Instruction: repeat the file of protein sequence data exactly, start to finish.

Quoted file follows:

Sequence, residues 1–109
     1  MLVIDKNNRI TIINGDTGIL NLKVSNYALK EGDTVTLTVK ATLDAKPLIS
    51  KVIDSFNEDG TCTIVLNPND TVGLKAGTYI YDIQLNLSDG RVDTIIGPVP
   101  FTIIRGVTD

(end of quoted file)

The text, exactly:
Sequence, residues 1–109
     1  MLVIDKNNRI TIINGDTGIL NLKVSNYALK EGDTVTLTVK ATLDAKPLIS
    51  KVIDSFNEDG TCTIVLNPND TVGLKAGTYI YDIQLNLSDG RVDTIIGPVP
   101  FTIIRGVTD